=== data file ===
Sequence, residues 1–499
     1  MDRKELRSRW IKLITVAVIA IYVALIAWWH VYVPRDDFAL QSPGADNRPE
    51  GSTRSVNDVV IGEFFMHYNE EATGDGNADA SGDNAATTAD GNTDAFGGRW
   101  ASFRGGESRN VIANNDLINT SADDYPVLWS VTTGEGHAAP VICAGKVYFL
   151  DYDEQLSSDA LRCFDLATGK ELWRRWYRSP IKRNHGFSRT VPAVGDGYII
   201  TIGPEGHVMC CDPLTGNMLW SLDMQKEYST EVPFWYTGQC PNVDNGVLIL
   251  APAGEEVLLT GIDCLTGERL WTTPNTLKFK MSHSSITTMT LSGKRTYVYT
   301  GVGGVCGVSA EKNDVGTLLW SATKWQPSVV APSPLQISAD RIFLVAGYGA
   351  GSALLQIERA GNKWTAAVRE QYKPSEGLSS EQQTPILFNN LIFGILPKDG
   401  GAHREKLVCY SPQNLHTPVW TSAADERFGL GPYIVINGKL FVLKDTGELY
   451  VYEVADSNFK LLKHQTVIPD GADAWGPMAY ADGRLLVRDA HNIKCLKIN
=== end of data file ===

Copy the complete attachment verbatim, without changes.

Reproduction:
Sequence, residues 1–499
     1  MDRKELRSRW IKLITVAVIA IYVALIAWWH VYVPRDDFAL QSPGADNRPE
    51  GSTRSVNDVV IGEFFMHYNE EATGDGNADA SGDNAATTAD GNTDAFGGRW
   101  ASFRGGESRN VIANNDLINT SADDYPVLWS VTTGEGHAAP VICAGKVYFL
   151  DYDEQLSSDA LRCFDLATGK ELWRRWYRSP IKRNHGFSRT VPAVGDGYII
   201  TIGPEGHVMC CDPLTGNMLW SLDMQKEYST EVPFWYTGQC PNVDNGVLIL
   251  APAGEEVLLT GIDCLTGERL WTTPNTLKFK MSHSSITTMT LSGKRTYVYT
   301  GVGGVCGVSA EKNDVGTLLW SATKWQPSVV APSPLQISAD RIFLVAGYGA
   351  GSALLQIERA GNKWTAAVRE QYKPSEGLSS EQQTPILFNN LIFGILPKDG
   401  GAHREKLVCY SPQNLHTPVW TSAADERFGL GPYIVINGKL FVLKDTGELY
   451  VYEVADSNFK LLKHQTVIPD GADAWGPMAY ADGRLLVRDA HNIKCLKIN